The Direct to Video Connoisseur

I'm a huge fan of action, horror, sci-fi, and comedy, especially of the Direct to Video variety. In this blog I review some of my favorites and not so favorites, and encourage people to comment and add to the discussion. If you click on an image, it will take you to that post's image page, which includes many more pics from the film and other goodies I couldn't fit in the actual review. For announcements and updates, don't forget to Follow us on Twitter and Like our Facebook page. If you're the director, producer, distributor, etc. of a low-budget feature length film and you'd like to send me a copy to review, you can contact me at dtvconnoisseur[at] I'd love to check out what you got.



Hi everyone, it's been a while since I checked the page, and I wanted to make a few announcements.

First and foremost, it appears a dubious site has claimed the old url, meaning any link in any review that goes to the old mattmovieguy url is corrupt. I'm in the process of trying to remove them all, but it's a lot! It's best not to click on any link without hovering over it first to make sure it doesn't have mattmovieguy in the url.

Second, it appears since my last trip to the blog, Photobucket has decided to charge for third party hosting, meaning none of my images are appearing anymore. That's simply an aesthetic issue, but still annoying.

Thank you all for your patience, and again, hopefully this will all be fixed soon.


Thursday, February 14, 2008

Kickboxer 3: The Art of War (1992)


I first saw this film on TV who knows how long ago. I didn't remember liking it, but I wasn't sure if it was this one or 2. I decided to put it on my Netflix queue along with 4: The Aggressor, which came packaged together, just to see if it was the one I didn't like. I could've been wrong, you know?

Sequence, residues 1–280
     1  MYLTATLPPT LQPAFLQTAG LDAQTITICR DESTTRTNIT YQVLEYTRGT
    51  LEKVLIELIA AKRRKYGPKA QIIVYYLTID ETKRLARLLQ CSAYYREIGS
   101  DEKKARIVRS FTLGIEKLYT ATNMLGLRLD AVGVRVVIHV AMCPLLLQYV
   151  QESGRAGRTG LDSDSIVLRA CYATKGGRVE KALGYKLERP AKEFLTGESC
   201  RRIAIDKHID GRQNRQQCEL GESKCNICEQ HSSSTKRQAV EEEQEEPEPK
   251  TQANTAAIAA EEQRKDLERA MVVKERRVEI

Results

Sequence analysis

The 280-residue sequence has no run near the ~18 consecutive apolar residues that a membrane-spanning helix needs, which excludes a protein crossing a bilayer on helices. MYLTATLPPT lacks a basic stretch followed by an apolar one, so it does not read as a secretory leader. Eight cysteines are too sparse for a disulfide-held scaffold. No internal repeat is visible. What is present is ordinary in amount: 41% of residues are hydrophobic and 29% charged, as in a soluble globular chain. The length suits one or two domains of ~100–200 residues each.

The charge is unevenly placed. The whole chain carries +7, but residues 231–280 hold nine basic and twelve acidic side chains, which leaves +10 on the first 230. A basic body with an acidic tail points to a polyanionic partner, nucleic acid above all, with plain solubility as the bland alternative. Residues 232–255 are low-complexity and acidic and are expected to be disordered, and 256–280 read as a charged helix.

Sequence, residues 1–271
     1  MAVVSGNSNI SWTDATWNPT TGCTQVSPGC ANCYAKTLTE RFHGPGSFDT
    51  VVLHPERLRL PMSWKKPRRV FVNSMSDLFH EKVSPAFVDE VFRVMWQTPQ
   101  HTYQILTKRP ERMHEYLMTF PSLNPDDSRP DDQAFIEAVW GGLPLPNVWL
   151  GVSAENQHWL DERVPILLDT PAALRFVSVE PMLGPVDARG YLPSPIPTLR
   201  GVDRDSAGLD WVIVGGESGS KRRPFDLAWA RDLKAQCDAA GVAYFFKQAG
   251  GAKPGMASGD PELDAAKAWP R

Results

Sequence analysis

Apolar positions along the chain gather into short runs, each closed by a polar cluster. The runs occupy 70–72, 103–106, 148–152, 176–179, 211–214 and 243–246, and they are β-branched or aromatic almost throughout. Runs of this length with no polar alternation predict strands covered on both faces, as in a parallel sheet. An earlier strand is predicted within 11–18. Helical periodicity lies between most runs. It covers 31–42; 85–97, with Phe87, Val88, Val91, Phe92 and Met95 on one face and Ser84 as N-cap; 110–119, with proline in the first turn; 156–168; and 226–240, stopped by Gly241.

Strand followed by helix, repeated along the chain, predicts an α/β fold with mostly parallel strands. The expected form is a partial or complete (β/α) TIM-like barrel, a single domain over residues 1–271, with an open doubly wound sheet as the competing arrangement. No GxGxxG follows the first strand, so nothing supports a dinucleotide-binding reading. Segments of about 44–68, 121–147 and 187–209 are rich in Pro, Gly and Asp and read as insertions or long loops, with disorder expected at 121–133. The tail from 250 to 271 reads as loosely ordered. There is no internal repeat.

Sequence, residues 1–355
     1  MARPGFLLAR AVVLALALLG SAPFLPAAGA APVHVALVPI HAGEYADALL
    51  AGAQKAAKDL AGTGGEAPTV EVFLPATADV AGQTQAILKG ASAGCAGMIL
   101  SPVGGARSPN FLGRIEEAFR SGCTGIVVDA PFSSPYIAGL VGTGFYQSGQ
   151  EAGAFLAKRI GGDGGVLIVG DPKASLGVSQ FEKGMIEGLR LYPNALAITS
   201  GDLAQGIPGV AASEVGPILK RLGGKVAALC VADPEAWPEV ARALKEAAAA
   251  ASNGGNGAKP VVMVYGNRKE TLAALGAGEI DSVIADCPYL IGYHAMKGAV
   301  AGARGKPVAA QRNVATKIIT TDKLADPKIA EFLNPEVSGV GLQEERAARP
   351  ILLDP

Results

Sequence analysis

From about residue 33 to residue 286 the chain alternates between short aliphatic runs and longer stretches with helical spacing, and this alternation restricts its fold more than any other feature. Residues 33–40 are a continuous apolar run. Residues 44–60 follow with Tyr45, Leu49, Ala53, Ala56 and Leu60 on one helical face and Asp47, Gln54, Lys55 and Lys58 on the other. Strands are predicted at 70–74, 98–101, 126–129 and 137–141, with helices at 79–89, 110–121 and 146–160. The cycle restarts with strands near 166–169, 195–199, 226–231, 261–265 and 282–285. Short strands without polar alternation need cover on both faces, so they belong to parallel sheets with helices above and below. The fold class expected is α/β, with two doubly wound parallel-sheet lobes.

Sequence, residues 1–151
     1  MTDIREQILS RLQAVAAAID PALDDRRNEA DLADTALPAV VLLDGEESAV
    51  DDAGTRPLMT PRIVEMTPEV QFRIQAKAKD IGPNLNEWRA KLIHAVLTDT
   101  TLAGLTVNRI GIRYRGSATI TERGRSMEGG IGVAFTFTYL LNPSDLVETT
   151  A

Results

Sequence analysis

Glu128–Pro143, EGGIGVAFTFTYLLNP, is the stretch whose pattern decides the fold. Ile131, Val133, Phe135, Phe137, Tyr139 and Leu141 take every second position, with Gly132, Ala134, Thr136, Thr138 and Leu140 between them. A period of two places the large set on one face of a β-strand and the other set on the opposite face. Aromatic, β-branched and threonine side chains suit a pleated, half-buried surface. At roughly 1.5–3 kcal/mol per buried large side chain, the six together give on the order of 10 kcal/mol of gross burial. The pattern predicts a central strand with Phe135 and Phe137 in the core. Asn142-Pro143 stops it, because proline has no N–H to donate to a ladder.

Kickboxer 3: The Art of War takes its name from the famous Sun Tzu book. There's a line in one scene where Sasha Mitchell's trainer quotes from it. Anyway, the film's about Mitchell, who, in dire need of cash, heads down to Brazil to fight some Argentinian. While he and his trainer are eating, a street urchin steals his camera. Mitchell befriends the thief along with the kid's sister, only to have the sister kidnapped by a dude who looks like a cheap Joe Isuzu, and who runs a brothel with street urchins he's taken off the streets. This low-rent Joe Isuzu also manages the Argentinian set to fight Mitchell, and after he asks Mitchell to throw the fight, Mitchell insults him. Luckily for him, Mitchell and his trainer try to free the girl, and are captured by Isuzu, who takes the opportunity to force Mitchell into an unorthodox training regime in an attempt to tire him out for the fight. It would've worked, except Mictchell's trainer's Asian, and like every Asian in every martial arts film, he knows a few herbal tricks up his sleeve that get Mitchell ready to hand out an ass-beating. Good stuff. Good pants by Mitchell in the final scene as well.